Well, through the grace of God and through a fantastic family. My wife and I have a fantastic marriage and a fantastic partnership. She and I share a common belief that we’re here to make the other as successful as possible in whatever those endeavors are. Whether it’s my wife opening up her own law practice as she did a few years back, or it’s me running for office, we support one another 100 percent. My children have an appreciation of me, and an understanding nature about the things we’re doing.
When I'm in Vegas at home, our family prays before the children go to school. My youngest son who is nine always ends the praying by saying, "Lord, please help my daddy make some good laws for the people of the City of Nevada." And I think those types of prayers speak volumes to the type of the family that we have. Without them, I couldn’t be doing what I'm doing.
You're also very involved in the community. You're a board member of I Have a Dream Foundation and Junior Achievement of Southern Nevada, and many others. Why is it important to you to be involved in the community?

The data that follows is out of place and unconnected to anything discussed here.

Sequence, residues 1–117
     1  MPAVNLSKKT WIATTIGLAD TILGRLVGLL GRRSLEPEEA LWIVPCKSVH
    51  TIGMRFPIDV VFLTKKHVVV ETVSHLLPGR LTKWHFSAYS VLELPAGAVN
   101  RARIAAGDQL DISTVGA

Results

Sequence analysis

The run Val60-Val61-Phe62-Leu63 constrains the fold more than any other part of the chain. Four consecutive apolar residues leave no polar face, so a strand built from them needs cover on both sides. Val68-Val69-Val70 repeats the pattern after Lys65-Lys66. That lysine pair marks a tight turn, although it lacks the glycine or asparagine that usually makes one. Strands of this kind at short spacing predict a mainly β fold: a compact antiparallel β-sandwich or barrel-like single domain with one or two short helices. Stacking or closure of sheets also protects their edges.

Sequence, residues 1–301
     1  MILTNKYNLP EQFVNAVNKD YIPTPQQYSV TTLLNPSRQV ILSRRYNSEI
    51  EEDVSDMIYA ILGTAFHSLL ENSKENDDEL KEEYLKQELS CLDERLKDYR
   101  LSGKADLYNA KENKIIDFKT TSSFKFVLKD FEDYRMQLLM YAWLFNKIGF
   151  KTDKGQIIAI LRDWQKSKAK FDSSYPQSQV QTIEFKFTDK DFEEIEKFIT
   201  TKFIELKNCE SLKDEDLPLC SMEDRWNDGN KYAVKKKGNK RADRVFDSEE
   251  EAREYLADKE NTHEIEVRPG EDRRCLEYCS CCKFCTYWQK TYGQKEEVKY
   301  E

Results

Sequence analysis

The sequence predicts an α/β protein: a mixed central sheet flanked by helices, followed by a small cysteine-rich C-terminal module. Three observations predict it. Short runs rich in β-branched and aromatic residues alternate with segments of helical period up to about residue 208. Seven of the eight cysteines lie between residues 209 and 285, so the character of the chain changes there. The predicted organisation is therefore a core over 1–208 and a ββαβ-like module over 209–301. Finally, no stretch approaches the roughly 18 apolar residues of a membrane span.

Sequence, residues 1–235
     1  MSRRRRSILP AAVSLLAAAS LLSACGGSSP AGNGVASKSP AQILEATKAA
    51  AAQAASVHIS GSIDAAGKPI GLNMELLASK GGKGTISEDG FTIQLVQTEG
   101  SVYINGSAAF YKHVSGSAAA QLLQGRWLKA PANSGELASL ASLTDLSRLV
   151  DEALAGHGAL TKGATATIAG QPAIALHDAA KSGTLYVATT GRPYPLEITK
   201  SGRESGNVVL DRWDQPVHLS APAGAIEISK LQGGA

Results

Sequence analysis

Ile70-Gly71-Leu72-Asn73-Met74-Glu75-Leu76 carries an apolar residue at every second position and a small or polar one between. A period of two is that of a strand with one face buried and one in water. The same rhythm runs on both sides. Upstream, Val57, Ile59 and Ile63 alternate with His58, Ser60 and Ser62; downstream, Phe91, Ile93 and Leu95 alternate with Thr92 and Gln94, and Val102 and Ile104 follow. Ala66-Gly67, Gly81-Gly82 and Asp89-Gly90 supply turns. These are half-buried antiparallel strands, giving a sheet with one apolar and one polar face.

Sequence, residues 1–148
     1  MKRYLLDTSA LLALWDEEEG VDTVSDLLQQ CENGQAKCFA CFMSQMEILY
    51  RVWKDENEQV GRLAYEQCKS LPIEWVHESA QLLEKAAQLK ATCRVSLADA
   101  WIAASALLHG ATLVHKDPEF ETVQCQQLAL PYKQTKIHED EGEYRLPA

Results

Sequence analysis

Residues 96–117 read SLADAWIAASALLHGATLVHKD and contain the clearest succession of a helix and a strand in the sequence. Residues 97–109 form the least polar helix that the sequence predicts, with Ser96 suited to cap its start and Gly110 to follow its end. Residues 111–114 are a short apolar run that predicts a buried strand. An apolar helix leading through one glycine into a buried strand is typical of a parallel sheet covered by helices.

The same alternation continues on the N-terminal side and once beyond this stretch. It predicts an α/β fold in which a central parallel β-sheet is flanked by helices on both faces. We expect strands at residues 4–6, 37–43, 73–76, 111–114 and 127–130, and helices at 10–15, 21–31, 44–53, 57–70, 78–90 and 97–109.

It speaks again to this notion of finding mentors, but also being a mentor and giving back to the community. Being a teacher, a lawyer, and a politician have a common thread between them, and that is there is a desire to serve the public.
Getting involved in community activities is just an extension and a manifestation of my desire to give back to the community and be involved in the community.
You’ve also been very involved with the ABA in the Business Law Section and Litigation Section. What has been the value of your involvement in these organizations?
Oh my, the networking there has been spectacular. I was a Business Law Ambassador to the Business Law Section a few years back, and so was my wife. That was my real entry into the ABA world. I have established friendships with folks that extend beyond just work referrals. Anytime they're in the area or I'm in theirs, we connect and have a great time. I recommend the ABA membership to any and all attorney of all ages.
You’ve received many awards both as being a senator and a lawyer. Is there one that you're particularly proud of?
If I had to pick, it would be obtaining Pro Bono Lawyer of the Year in 2006, when I was in Dallas, working at Weil, Gotshal & Manges. I got to work for six months at the Dallas Volunteer Attorney Program. Working for an extended period of time doing pro bono was the most rewarding thing for me.
Thank you so much!